Hitch: I'm just now realizing, SGBye, that we have walked very similar paths.
SGBye: Even if this stuff is beaten into your head from childhood, there's still hope of getting away relatively unscathed. I officially joined the SGI around 6 months old, learned gongyo (prayers) at 7, and can remember having a photo of Ikeda in my room around that same age. In fact, my first name was actually given to me by Ikeda. I believe it's a fairly common thing in Japan to request Ikeda to name your expected child. I've briefly considered changing my name, but it would be a hassle at this point since I'm well into my thirties.
Hitch: I remember doing gongyo before kindergarten and I grew up in a house with Ikeda's picture hanging up on the wall next to the family bustudan (in fact, it's still there). I've seen all kinds (and I mean ALL KINDS) of members come and go throughout my life and years in the practice. Some are still plugging away at it, no different in the their personal fortunes (some even worse off) and just getting drastically older.
SGBye: I was very active in the SGI: being in the brassband and doing gymnastics at conventions, shakubuku, various leadership positions. But, even after all of that, I had no problem walking away. It was a combination of seeing deception and corruption with my own eyes, reading plausible things on the Internet, and being turned off by the ever-growing worshipping of Ikeda (the guy who named me!). I don't harbor any ill feelings toward my parents. In fact, I feel kind of sad for them. They've given a lot of their time (and money) to the SGI but are far from living what I would call quality lives in their golden years. So where is all that good fortune they were supposedly building up by fighting for kosen-rufu?
Hitch: I was extremely active as well. My practice grew and grew, climaxing briefly around high school age, then slowly drifting off (with education and critical thinking). They tried to get me to be an HQ leader, but I just as quickly backed out of it, because it coincided with the same time that I was becoming increasingly wary of the organization. My bullsh** meter started to register more & more with time, until I finally called it quits. I just simply walked away and only reengaged when contacted or home v'ed. At one point, I had some things to get out of my system, so I went and saw Mr. Williams and did so. Although I had already been out for quite a while, it solidified everything. I could see things in an entirely different light. It was a like getting an unwelcome glimpse of Mr. Oz behind the curtain. I saw everything CLEARLY thru the eyes of a critical thinking adult; twas not a pretty picture, I'll just say that much.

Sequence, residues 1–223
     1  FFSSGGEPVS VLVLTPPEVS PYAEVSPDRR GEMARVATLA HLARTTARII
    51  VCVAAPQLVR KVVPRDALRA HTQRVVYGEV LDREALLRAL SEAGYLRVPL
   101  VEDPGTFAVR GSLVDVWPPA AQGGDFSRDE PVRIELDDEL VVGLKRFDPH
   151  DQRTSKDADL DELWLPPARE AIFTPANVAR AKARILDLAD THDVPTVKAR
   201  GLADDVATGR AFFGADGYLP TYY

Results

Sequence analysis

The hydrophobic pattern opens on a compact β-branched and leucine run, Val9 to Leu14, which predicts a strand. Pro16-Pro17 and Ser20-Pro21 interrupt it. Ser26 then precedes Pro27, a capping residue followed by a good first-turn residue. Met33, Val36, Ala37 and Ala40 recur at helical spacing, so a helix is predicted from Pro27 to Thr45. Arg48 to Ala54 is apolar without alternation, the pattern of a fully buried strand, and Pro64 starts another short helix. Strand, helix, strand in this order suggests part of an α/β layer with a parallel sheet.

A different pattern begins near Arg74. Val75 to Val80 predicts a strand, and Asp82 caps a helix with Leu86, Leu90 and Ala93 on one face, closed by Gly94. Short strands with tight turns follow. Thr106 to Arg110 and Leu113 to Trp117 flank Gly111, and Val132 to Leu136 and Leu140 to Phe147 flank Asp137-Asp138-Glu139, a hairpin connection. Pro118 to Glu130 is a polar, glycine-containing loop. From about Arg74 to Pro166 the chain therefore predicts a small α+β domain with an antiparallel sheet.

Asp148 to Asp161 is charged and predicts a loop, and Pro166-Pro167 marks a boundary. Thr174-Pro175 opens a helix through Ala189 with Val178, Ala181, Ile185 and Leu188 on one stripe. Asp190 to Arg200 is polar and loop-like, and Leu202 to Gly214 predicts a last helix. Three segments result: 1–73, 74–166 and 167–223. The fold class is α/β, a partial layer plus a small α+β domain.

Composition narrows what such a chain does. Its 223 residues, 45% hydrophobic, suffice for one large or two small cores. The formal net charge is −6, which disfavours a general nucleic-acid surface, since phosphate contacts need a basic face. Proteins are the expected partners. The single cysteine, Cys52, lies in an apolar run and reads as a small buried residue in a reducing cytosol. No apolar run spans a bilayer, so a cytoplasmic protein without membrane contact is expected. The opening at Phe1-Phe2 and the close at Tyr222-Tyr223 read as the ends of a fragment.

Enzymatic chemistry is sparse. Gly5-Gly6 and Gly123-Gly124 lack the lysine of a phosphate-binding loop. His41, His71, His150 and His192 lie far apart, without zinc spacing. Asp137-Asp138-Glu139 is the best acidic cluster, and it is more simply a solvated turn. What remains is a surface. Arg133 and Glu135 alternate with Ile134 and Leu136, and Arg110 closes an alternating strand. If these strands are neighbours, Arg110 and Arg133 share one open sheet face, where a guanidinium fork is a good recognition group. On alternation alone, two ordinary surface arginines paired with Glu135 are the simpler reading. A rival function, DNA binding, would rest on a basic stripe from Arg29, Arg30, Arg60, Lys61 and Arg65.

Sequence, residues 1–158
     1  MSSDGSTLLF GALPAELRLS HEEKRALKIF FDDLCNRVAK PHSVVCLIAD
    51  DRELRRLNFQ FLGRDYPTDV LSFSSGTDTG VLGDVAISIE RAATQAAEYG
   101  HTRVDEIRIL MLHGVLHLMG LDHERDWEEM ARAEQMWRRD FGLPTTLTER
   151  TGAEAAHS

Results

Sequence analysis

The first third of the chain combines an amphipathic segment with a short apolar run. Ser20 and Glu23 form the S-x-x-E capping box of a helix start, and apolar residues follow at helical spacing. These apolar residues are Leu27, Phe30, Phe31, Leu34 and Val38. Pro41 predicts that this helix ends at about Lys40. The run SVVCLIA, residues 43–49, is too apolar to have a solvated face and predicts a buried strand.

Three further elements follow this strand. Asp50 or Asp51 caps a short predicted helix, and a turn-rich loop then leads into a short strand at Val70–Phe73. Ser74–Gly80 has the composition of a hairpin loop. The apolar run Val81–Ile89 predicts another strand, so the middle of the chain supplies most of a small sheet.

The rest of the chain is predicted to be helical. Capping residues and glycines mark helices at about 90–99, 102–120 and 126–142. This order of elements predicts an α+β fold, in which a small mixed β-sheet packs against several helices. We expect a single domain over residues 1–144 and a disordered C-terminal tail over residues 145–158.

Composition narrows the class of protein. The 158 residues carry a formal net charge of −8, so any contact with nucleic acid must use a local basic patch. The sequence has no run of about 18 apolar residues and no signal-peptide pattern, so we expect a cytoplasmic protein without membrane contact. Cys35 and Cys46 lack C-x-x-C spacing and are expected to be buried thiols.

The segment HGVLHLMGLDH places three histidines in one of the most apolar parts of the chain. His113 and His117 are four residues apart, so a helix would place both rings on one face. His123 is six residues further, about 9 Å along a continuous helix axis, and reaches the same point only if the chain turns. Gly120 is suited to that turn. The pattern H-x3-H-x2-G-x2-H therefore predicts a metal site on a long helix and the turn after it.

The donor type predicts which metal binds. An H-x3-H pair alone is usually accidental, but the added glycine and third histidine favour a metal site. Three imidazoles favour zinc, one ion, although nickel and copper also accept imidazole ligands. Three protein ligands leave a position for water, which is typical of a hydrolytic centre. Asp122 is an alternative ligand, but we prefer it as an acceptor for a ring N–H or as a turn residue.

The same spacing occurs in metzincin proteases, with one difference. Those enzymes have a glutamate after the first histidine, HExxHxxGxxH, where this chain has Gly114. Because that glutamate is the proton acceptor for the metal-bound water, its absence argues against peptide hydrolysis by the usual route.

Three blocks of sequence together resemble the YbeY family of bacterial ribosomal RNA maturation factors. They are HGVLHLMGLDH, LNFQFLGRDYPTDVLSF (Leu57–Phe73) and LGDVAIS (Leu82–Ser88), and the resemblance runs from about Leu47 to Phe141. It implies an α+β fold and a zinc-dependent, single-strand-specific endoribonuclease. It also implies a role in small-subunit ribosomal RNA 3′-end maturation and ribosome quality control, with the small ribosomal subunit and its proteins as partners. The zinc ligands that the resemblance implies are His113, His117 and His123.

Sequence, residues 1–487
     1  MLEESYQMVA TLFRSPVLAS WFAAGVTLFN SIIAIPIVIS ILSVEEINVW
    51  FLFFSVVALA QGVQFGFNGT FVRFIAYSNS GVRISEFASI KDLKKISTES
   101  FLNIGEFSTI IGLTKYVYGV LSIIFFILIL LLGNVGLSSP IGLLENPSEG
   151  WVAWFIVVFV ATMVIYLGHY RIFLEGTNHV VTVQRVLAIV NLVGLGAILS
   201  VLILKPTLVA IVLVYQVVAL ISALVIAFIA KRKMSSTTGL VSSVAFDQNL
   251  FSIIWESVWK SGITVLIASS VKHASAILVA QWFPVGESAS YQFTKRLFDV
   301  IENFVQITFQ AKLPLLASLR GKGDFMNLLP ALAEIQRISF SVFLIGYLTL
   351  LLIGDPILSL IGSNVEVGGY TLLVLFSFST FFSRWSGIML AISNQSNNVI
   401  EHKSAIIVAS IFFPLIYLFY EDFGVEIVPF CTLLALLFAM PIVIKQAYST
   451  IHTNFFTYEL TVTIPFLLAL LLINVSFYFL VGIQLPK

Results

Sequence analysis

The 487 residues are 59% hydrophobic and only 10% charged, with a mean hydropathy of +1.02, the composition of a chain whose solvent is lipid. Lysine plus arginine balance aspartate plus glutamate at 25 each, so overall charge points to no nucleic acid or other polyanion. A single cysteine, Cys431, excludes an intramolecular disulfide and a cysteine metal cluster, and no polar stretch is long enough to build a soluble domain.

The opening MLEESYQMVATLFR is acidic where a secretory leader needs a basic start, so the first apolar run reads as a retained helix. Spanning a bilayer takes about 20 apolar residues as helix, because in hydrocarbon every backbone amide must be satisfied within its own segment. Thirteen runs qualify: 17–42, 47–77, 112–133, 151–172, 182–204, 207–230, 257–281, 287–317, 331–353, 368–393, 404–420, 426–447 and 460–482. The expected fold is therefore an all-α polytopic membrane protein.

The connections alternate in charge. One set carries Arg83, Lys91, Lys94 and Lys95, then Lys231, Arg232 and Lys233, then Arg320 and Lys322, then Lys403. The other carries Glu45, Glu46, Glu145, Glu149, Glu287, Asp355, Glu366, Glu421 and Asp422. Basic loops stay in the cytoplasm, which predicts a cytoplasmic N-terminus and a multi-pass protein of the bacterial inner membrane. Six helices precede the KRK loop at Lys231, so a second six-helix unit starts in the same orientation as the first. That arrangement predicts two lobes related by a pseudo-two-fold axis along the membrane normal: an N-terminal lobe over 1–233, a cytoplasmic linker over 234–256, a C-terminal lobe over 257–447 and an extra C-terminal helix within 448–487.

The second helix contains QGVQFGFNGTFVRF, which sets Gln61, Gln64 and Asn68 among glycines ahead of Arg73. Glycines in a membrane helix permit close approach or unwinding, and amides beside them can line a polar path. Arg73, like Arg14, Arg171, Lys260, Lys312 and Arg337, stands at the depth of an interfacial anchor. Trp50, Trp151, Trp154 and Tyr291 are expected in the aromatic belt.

SGBye: And then there's my sibling, who is a completely different story from me. My sibling is way into the SGI (and I mean WAY into it). We can't even have a conversation without the SGI or chanting or Ikeda being brought up. And this sibling gets offended if I even say the slightest negative thing about the practice.
Hitch: Like I said, reading things on the Internet was one of the things that helped me in my decision; a decision I am so glad I made. So I agree that posting this stuff is very important. And a lot of times I just post things straight out of the World Tribune - they aren't transcriptions from any secret SGI meetings. The SGI can't protest - it's all propaganda that they themselves regularly shove down the members' throats (and encourage you to share with others).
I've got a parent who is way beyond off the deep end with the organization, a stark raving nuts gakkai kamikaze soldier. I went thru hell and back growing up with the practice, as a result. I don't really feel too sorry for them, because they are happy and unsane with the practice; if it were removed, they would just become unhappy, unable to cope and probably go entirely insane. I've come to view it as a lesser of two evils, given what I know. So, it is what it is and such is life. Lots of wasted finances, I'll grant you that, but it's what they *wanted* to do and made them happy.
I knew what the cult was about long before the internet. The internet merely confirmed it all. The only thing that really surprised me was that there were so many others who had been thru the same ringer, especially so-called "fortune babies" who grew up in the practice. In a way, it's kind of refreshing to know that there are others out there who have survived, come out the other end and reclaimed their compass, sanity and lives.
On that note, a tip of my hat to all of you who managed to make it out, especially to fellow kids (now adults) who through no real choice of their own were *forced* to grow up and be brainwashed in the practice.